The Cutting Room Presents:
The Littlest Lamb Benefit Concert Feat. Noba
44 E. 32nd St.
New York, NY, 10016
Doors 6:30 PM / Show 7:00 PM
The Littlest Lamb Benefit Concert Feat. Noba
The Littlest Lamb, founded in 2007, is a non-profit organization dedicated to providing a safe, loving, and supportive home for orphaned children in Egypt. They use 100% of public donations to directly fund the construction of the orphanage (set to open in December of 2013) and other children’s programs.
Currently in Egypt there are an estimated 1.7 million orphans, 3 million street children, 5 million children are deprived of appropriate housing and 80% of students don’t have access to computers. The Littlest Lamb’s ultimate goal is to make the lives of orphans and street children better. They believe that with the right tools they can help children break the imprisoning cycle of poverty and become productive members of society.
A few years ago the members of Noba decided to record what would be their third album. They wrote seventeen songs and began pre-production in the home studio they call Ashmoon. Along with producer and friend, Nic Hard, they decided to cut basic tracks at Allaire Studios in the Catskills of New York. Alone in the mountains, they figured this would be the best way to concentrate on something that was a far different approach to music than anything they had done in the past.
Noba was reared on energetic and emotional live performances. "I always wanted people to feel little explosions coming out of me," add Dave. "No...not those kinds of explosions, you cheeky monkey. The musical kind. It's the reason I play the instrument I do and the reason I use the amps and gear I use. Its not very subtle to me. Subtle is for, I don't know...other people."
When Noba went to the Catskills they decided to run away from their comfort zone. They would leave loose and raw and go for something else. Something bassist Jeremy described as, "Clean. But definitely not cold or sterile. Far from it. We really wanted to maintain our warmth and our feel, but improve on the fidelity. When we recorded in the past, the drums were loud and bombastic. Guitars and keyboard cranked through loud tube amps. The drums took up lots of space and gave our songs energy and balls. That was something we loved and something we were good at."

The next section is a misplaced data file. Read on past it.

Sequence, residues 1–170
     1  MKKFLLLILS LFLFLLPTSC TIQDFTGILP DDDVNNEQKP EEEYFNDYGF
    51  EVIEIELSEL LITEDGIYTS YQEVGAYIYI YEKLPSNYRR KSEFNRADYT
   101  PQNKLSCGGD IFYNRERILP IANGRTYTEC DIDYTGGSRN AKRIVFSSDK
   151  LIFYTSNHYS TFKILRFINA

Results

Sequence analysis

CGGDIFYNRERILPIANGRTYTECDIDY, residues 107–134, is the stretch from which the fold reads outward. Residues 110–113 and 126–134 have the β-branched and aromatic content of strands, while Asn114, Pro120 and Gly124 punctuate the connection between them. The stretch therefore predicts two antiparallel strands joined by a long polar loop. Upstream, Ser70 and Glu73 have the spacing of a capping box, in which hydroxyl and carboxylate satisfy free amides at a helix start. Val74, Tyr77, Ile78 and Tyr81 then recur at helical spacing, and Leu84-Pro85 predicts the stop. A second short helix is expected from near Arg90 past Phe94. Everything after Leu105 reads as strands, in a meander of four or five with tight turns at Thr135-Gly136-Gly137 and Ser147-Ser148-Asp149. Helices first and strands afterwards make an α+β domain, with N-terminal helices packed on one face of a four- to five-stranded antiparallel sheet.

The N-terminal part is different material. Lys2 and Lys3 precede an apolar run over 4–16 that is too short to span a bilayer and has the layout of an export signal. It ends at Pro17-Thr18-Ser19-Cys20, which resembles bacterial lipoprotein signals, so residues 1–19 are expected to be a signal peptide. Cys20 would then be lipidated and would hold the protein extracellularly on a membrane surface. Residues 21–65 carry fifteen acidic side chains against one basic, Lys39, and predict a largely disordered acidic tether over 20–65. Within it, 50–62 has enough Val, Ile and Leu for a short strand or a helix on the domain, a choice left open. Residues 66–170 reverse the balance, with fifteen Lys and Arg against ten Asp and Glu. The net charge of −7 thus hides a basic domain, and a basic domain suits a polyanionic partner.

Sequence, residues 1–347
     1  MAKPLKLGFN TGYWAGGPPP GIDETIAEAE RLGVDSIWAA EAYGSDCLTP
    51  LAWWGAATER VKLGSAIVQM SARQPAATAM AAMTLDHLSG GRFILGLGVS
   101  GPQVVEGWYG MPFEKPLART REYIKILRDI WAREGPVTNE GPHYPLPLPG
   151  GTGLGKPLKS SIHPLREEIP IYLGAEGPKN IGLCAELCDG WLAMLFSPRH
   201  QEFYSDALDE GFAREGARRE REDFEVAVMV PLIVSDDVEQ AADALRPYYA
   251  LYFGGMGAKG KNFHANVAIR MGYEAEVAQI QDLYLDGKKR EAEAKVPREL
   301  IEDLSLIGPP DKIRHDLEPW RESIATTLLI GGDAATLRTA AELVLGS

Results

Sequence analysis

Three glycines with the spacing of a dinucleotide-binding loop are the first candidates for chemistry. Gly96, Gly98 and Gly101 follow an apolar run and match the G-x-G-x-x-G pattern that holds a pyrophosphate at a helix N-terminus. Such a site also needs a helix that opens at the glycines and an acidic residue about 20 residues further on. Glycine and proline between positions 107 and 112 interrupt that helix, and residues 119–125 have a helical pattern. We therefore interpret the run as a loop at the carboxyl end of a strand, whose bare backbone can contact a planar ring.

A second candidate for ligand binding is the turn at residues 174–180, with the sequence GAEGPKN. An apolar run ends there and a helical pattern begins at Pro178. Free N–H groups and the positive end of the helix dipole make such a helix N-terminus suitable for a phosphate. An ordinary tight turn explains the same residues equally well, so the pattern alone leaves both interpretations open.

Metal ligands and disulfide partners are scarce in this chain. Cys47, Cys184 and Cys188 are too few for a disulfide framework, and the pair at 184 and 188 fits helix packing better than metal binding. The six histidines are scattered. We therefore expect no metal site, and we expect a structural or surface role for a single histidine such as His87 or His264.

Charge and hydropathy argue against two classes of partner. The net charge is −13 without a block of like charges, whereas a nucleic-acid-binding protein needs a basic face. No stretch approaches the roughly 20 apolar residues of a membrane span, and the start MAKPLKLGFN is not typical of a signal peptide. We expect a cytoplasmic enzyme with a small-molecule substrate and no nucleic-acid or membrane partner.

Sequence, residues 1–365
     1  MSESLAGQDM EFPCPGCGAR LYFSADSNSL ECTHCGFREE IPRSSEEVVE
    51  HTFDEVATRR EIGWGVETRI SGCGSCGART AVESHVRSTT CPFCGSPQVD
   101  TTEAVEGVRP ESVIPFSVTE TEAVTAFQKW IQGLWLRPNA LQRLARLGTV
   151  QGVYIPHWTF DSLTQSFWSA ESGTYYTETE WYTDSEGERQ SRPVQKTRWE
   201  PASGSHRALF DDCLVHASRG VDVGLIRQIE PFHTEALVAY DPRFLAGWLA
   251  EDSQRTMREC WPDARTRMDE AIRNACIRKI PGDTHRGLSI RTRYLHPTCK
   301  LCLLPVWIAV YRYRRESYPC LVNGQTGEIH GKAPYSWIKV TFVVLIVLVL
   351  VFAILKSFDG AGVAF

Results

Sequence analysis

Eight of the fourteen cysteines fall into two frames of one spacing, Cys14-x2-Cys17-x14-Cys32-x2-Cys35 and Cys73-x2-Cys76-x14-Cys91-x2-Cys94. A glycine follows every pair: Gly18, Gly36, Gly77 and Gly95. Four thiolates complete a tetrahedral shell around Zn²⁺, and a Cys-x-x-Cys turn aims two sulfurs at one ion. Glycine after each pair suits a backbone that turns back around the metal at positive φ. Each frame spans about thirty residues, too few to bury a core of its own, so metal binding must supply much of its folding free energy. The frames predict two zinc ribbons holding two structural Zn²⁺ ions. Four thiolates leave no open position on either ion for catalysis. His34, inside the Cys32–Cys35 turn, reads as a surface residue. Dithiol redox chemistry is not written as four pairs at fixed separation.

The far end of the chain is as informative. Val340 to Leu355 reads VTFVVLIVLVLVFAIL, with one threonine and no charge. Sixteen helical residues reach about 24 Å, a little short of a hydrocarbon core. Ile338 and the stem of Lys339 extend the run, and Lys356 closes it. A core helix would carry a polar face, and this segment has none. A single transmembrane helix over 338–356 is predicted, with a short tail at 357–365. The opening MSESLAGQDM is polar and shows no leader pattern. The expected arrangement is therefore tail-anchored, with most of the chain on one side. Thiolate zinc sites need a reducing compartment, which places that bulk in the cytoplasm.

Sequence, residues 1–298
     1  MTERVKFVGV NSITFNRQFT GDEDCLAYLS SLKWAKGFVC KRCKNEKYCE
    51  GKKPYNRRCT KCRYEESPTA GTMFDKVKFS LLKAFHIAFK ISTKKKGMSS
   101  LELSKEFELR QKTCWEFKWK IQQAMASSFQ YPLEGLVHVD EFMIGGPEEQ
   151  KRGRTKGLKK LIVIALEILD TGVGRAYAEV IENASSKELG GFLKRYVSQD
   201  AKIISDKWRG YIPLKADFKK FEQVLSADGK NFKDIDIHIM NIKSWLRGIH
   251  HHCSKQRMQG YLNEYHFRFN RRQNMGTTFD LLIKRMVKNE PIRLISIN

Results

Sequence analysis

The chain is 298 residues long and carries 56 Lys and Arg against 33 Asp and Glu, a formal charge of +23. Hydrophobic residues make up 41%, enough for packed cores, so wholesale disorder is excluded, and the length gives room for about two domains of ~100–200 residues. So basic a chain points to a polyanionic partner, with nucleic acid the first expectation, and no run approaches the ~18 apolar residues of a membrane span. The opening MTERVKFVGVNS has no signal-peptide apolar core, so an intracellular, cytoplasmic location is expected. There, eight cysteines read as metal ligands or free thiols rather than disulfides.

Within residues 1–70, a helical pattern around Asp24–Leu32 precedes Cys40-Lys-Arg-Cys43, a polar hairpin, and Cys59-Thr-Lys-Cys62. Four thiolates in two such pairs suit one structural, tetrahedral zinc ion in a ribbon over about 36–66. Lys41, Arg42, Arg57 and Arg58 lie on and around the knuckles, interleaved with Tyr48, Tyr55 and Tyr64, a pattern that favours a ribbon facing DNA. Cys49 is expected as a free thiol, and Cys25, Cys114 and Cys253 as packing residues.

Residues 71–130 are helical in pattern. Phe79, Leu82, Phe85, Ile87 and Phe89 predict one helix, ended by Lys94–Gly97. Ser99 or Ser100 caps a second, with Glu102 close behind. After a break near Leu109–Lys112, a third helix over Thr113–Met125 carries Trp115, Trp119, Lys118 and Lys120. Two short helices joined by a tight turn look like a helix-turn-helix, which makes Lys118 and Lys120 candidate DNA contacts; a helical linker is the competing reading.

"Have you ever listened to the album, 'Thriller?'," asks keyboardist, Mick. "I mean, really listened to what was going on? The drums are the same throughout every song. They are even pretty similar between songs. They used other means to elevate those songs. That's what we wanted to do. We wanted to lay super simple, but incredibly cool and hooky drum beats and let texture and music do the heavy lifting. And make it sound sweet, of course."
When Noba left Allaire they found themselves with bass and drums and little else. They returned to their home studio and began crafting each song. "This was a new process for us," admits Dave. "We wrote the songs as we recorded them. We wrote lyrics together, we had guitar players playing bass, bass players playing keyboards, everyone playing percussion and everyone writing parts for one another." "It was great," agrees Mick. "Creative juices were flowing, experimentation with tone and parts was constant and no idea was too great or too small to attempt. But before we knew it, we found ourselves sitting before a mountain of tracks and sounds and we knew we'd have to start dialing it back."
Worried that the core of the songs would be lost, decisions needed to be made about which parts would be kept and which would hit the cutting room floor. With the help of producer Jason Cupp, Noba began to carve out the sound that defines the new album, aptly named "The Life You Have & The Life You Had Planned". Says Cupp, "I think my job was to help finish the songs by helping the guys figure out what it was that made each song better. At the first session I had with the band they played me sixteen, seventeen songs. All of them were great, but I really felt that some of them stood out. I decided to concentrate on the songs we could finish and the ones that really jumped out at me like Uninspired, You & Only You and Glory, to name a few."
"What was funny to us," Mick chimes in, "was that we had already done at least 3 or 4 different versions of Glory [or as it's known on the album, "Captain Victim, Eternal Loser at Life"]. We had 80 tracks of instruments on it…and if you listen to it now, its so simple. How can it be so hard to make something sound so simple?" "Totally," replies Dave, "when Cupp came in we just cut out the fat and it was all there. Simple, clean, moody songs. It all came together exactly like we'd hoped. How often does that EVER happen?"
$20 Advanced - $25 Day of Show
Tickets Available at the Door